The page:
Most writers I talk with who experience "writer's block" do not get bogged down by the content of the article, rather they are stopped by the outline proper. Without an outline, there can be no article. You can write effectively by remembering three essentials; I will share with you how your success or failure in article writing depends on mastering these essentials.
So, what are the essentials? You already know them: your topic sentence, the body of your article, and your conclusion. A fourth essential, your title, can and should be derived from your topic sentence. Thus, if you have a title it is your topic sentence and vice versa.
The problem many writers have is really with the second essential, the body of the article. Too often this is what holds up the outline, and ultimately the article, from being successfully completed. What is the answer for you? Bullets. That's right, think of three or four generalized points and make them the highlights of your body. For example, if you are writing a product review on the Chrysler 300M your bullets could be:
1. The car's unique style.
2. The car's performance.
3. Chrysler's success with the model.
4. Special price offers for the car.
Take each "bullet" and expand the thought further by naming at least 3 related thoughts. For example, with bullet #1 you could mention that the car is boxy, with big wheels, and possesses a solid grill.
Bullet #2 could speak about the car's engine, speed, fuel performance, and interior.
Bullet #3 could stress how the 300M has successfully pulled up Chrysler's sales, you could compare it with its chief competitors, and you might want to make mention how it compares with its "twin," the Dodge Magnum.
Finally, bullet #4 might cover any specials Chrysler is running on the car, financing and leasing options, and warranty information.
Once you have the bullets in place and have identified the related thoughts associated with each bullet, it is time for you to write. In this sample case [the review of Chrysler's 300M] you will probably come up with four solid paragraphs containing an average of six sentences each.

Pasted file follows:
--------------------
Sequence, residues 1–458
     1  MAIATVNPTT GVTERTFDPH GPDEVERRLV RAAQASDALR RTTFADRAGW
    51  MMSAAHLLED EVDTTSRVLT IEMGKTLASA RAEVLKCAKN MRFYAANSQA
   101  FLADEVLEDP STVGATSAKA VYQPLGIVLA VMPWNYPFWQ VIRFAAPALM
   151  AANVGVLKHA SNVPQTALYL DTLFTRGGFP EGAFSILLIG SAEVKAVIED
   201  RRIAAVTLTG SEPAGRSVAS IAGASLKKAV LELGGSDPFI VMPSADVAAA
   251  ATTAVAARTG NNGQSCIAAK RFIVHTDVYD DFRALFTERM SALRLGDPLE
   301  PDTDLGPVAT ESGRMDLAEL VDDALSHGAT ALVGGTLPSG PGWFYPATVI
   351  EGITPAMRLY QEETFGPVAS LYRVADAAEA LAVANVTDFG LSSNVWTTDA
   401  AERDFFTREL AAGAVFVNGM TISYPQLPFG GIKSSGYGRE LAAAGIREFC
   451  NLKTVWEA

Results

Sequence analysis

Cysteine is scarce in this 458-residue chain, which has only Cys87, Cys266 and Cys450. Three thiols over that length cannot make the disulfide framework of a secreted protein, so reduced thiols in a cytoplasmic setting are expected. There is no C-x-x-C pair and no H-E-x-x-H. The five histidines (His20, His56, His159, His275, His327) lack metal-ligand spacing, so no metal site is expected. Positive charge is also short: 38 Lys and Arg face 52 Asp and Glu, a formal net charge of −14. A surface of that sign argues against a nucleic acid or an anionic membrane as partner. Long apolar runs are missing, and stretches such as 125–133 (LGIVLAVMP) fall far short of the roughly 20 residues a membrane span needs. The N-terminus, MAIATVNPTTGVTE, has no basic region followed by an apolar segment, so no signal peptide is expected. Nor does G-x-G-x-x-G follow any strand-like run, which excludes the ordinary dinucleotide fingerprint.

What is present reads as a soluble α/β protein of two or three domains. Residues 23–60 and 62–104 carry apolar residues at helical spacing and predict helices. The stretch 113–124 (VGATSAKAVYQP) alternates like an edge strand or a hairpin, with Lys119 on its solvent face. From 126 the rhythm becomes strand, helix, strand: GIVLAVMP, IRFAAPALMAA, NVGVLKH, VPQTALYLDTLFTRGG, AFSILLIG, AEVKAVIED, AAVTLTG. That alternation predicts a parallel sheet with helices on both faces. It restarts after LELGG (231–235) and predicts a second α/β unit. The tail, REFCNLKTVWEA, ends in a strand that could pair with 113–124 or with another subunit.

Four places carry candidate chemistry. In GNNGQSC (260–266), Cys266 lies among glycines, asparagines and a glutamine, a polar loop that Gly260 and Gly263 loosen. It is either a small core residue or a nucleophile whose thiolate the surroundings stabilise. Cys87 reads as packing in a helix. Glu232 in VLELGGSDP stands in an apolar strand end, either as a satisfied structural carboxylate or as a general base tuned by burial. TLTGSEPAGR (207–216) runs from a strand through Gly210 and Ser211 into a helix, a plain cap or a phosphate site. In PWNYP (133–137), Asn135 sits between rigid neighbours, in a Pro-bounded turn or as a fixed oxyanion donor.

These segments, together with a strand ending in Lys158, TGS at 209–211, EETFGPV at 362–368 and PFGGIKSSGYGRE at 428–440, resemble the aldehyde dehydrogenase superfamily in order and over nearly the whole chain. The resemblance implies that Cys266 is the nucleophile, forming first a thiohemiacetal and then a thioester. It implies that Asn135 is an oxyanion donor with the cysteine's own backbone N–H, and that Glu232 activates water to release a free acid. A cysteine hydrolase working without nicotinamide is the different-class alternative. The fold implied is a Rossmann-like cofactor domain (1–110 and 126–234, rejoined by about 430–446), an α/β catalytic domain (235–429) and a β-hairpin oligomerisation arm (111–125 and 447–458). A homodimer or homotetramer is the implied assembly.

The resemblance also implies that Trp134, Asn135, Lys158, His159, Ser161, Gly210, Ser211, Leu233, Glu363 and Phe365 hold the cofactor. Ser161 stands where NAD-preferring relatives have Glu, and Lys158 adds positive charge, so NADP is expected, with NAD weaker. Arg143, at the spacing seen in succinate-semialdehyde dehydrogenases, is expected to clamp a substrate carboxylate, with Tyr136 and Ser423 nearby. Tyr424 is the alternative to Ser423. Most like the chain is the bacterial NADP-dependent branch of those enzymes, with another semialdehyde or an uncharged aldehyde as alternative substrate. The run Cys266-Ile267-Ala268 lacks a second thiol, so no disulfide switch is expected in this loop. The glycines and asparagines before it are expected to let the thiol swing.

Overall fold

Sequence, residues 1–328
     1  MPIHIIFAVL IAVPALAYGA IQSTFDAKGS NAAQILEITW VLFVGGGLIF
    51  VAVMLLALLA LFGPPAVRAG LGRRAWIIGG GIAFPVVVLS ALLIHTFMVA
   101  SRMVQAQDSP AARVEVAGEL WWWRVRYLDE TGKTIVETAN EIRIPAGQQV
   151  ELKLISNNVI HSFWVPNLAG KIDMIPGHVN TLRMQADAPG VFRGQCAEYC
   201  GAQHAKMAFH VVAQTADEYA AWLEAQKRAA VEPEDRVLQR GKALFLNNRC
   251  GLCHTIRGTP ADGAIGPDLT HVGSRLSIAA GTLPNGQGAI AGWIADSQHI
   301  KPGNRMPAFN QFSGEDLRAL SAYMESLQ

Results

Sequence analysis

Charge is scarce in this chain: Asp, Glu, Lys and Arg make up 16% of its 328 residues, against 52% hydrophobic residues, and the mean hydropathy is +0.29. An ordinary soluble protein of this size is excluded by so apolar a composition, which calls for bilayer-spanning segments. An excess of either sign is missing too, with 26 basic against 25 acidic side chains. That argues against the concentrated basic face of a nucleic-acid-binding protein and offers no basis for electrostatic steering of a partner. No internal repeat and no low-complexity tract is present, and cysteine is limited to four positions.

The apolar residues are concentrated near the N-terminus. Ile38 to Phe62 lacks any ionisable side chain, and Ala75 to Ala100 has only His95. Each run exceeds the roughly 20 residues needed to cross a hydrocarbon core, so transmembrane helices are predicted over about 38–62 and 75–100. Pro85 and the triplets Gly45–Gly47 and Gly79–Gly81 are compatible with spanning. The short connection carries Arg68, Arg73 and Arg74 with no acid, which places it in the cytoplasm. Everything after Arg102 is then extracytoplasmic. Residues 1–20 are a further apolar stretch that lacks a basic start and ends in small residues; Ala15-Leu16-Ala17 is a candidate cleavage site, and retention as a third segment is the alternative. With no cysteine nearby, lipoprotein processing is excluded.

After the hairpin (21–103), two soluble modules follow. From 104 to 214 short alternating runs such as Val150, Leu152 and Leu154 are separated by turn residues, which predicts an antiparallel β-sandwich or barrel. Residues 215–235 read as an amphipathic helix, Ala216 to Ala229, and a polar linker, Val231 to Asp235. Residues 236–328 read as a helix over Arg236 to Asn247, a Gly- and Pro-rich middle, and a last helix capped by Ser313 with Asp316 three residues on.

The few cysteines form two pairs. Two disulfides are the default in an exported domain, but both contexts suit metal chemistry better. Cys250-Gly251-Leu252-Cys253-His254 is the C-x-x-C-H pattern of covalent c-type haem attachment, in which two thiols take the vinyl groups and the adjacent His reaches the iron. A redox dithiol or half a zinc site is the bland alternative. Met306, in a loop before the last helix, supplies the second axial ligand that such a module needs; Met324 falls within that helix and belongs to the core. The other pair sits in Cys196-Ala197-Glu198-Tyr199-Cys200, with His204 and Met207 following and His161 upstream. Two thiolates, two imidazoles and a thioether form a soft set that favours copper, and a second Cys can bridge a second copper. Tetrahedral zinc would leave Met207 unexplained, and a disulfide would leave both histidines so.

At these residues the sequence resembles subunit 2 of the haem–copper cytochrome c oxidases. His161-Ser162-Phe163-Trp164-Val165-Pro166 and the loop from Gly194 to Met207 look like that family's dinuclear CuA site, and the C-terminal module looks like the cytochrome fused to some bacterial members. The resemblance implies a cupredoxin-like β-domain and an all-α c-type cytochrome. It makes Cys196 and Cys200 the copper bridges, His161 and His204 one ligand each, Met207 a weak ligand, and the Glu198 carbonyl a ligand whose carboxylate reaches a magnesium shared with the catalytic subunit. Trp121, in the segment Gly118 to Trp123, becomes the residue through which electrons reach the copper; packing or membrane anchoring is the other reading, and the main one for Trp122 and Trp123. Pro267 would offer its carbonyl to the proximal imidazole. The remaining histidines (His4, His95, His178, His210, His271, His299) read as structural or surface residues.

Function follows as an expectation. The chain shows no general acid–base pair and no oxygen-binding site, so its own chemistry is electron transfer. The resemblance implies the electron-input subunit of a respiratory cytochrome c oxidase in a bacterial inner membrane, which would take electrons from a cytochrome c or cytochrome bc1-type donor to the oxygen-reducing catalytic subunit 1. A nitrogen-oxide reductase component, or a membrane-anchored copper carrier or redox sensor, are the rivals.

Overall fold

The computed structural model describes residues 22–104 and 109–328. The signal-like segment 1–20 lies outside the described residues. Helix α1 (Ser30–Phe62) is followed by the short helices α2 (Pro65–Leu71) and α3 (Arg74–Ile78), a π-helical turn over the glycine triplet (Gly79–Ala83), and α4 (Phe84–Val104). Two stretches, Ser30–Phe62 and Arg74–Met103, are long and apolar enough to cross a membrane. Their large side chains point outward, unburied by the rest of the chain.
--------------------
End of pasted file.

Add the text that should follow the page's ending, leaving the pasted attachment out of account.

Oh, did I mention the conclusion? Perhaps you will want to leave the conclusion out of the article until the body is done. Yes, this flies into the face of what your English Composition teacher taught you in high school, but it can be a fun thing to do. Why? As you write your body you will see that you can "move" in a variety of ways as you make your point. Once you are satisfied with your point, then write the conclusion [or summation] based on the body.
Most articles of 500-600 words can be written and written well with as little as three bullets. Longer articles require additional bullets or, at the very least, you will need to expound further on points that you have made.
You do not need to be held hostage by your outline, or lack thereof. Create a simple outline that can be expanded as you master the bullets which comprise the body of your article. In no time you will be writing strong, persuasive, and interesting articles and your writer's block will be nothing but a dim memory.
(c)2005; Matthew C. Keegan, LLC
Matt Keegan is The Article Writer who writes on a variety of subjects. In addition, Matt designs websites and manages web communities. To view his portfolio, please visit http://www.thearticlewriter.com